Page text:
I was entertained last month when I met with a first-year faculty member and a seasoned veteran, who had taught for forty-two years at the university. It was like watching the History channel and the Future channel simultaneously (you might say I had tuned into The Jetsons and The Flintstones at the same time!)
During our meeting, the veteran kept reminding us of how schools once operated, while the rookie described what she saw coming and how she was preparing students for the future. Both made valuable points about needed changes.
We all agreed on two fundamental facts:
- Education must make changes to meet the needs of 21st century students.
- Some changes we’ve experienced in education do not represent progress.
So how do we distinguish between changes that represent mere drifting and change that leads to genuine progress?
Principles We Must Embrace
The following paragraphs remind us how we can see the difference between drifting and advancement. I believe these paragraphs are relevant for every leader.
- We live in day of rapid change. Most educators I know expect adjustments every year. Many believe there are too many. Just when faculty master new curriculum or standards, it’s out with the old and in with the new. It can leave heads spinning and attitudes spiraling. Much of the change is good, coming in the name of making advancements in pedagogy, academic standards, technology, etc. Those of us who love the familiar and the comfortable must find a way to embrace this new normal.
- All progress requires change, but not all change means progress. Educators must never assume that change for change sake is always good. We must discern between what’s “different” and what “makes a difference.” For example, while we’ve all adjusted to societal changes over time, some may actually be regress, not progress:
1. Our friendships, partnerships and families disintegrate faster.
2. Our consumer debt and national debt is higher than ever.
3. Obesity, mental illness and ADHD diagnoses are increasing.
- Without intentionality, change often is the result of drifting, where our human nature predisposes us to be lazy and seek comfort. We migrate toward destinations that are easier and faster. For example, Frederick Kelly created the first “multiple choice test” in 1914 to enable America to swiftly handle young immigrants arriving at Ellis Island. As World War I ended, he suggested we stop using it with students as it did not measure true learning. But alas, it was a fast and convenient way to grade papers, so we kept it. Drifting happens when we have no rudder on the ship. This means improvement is left to chance. We must fight the tendency to drift.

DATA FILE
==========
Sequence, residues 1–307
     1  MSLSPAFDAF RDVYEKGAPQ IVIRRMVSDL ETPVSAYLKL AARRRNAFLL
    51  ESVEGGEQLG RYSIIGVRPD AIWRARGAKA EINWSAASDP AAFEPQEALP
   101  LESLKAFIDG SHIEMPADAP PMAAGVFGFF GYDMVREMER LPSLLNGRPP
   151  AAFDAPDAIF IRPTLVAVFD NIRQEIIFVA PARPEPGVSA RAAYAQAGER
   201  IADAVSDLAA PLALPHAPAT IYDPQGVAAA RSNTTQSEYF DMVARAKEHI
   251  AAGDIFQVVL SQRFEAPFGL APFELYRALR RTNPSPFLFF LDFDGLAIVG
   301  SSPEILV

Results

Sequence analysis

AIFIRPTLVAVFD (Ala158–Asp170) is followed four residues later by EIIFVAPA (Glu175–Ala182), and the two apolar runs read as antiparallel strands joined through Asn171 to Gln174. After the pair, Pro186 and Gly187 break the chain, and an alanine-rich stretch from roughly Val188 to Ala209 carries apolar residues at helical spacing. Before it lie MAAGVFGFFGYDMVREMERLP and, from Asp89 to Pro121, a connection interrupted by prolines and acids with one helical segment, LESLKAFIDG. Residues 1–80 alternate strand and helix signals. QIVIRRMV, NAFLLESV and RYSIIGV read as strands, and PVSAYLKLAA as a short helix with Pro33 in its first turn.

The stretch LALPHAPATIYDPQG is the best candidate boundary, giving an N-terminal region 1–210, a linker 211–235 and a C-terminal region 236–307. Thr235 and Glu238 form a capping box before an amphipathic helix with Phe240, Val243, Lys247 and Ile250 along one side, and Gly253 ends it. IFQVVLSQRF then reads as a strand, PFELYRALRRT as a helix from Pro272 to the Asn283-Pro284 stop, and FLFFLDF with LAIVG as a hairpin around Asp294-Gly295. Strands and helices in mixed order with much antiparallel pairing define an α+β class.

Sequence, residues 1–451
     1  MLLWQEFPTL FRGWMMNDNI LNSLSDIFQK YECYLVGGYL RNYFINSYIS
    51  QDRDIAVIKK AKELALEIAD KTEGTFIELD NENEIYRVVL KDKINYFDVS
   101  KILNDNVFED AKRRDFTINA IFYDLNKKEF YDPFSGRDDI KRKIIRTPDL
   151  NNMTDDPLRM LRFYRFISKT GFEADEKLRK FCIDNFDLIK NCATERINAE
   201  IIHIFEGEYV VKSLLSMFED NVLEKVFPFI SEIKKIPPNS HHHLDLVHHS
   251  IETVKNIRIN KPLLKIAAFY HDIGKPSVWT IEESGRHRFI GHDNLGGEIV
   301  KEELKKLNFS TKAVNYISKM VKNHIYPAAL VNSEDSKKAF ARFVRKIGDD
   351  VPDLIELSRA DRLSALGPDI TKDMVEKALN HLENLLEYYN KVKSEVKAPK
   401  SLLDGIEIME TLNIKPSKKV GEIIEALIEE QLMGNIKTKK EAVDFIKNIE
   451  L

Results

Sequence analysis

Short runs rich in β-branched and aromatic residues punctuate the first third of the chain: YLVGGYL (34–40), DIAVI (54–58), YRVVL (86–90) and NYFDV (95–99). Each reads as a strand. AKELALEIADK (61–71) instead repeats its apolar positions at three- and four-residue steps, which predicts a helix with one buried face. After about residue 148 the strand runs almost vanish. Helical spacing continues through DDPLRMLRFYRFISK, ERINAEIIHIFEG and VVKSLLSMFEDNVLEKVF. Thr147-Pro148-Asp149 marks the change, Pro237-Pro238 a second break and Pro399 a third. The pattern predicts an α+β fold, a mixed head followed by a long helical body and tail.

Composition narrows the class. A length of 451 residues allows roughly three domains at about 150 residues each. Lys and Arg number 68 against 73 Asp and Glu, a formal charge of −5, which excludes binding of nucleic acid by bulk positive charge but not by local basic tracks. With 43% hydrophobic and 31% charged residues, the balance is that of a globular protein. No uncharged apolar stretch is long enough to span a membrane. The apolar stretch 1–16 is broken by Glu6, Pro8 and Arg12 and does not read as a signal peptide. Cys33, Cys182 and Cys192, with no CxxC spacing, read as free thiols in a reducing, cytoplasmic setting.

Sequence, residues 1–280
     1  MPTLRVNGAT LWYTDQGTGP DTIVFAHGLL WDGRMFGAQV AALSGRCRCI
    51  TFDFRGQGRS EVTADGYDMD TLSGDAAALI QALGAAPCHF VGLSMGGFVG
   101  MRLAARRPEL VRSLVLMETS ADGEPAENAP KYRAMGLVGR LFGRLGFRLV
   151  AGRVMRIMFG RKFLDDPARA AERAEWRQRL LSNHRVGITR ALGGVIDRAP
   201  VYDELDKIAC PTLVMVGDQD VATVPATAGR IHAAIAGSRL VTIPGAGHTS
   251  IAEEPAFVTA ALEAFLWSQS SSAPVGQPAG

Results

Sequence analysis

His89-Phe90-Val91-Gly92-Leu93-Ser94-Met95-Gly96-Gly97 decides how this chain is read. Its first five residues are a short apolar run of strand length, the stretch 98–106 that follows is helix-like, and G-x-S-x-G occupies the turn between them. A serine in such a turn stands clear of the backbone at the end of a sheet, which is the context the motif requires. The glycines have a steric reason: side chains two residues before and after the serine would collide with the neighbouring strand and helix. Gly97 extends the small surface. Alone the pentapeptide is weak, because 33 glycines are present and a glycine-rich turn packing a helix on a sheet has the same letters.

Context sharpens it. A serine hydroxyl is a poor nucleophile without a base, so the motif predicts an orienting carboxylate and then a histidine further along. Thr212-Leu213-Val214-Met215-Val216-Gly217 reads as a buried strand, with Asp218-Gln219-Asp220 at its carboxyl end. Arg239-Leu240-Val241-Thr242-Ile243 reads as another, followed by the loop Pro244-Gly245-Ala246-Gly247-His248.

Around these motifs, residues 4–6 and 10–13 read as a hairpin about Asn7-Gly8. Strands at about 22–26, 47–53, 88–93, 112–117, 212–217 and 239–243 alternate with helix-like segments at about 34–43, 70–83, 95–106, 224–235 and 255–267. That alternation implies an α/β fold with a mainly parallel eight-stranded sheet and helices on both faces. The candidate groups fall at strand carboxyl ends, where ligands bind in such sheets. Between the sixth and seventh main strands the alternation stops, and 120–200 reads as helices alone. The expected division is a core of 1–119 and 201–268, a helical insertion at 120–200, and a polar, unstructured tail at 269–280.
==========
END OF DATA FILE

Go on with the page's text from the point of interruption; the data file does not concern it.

- Leaders must establish standards that are timeless and goals that push us forward. When living in San Diego, we’d visit the beach during summers. We would position our towels and shoes on the beach, then head into the ocean. We were unaware we were drifting until we looked up at our spot on the beach. It was then we could tell we’d moved because we had a “constant” to evaluate our position. Our towels became a marker to measure the extent of our drifting. Similarly, leaders identify markers that are constant, while at the same time set relevant goals that move toward improvement.
- Lasting leaders find ways to discern between change that is drifting and change that leads to genuine progress. In order to do this, they are neither all conservative nor all progressive, philosophically speaking. For instance, my personal stance is…
* I am both conservative and progressive depending on the topic.
* When it comes to forward movement and improvement—I am all in.
* When it comes to leaving timeless virtues or skills behind—I speak up.
- We must hold fast to what is timeless, and prevent drifting, while being timely. When leaders act in a timely fashion, it communicates they are observant, relevant and discerning as to what students and educators need. You could say they possess an internal magnifying glass and telescope to enable them to see details and distance. Simultaneously, these leaders also possess an internal compass reminding them of the importance of morals, ethics and timeless skills (even virtues) graduates need.
Question: How are you doing at balancing these two paradoxical perspectives?
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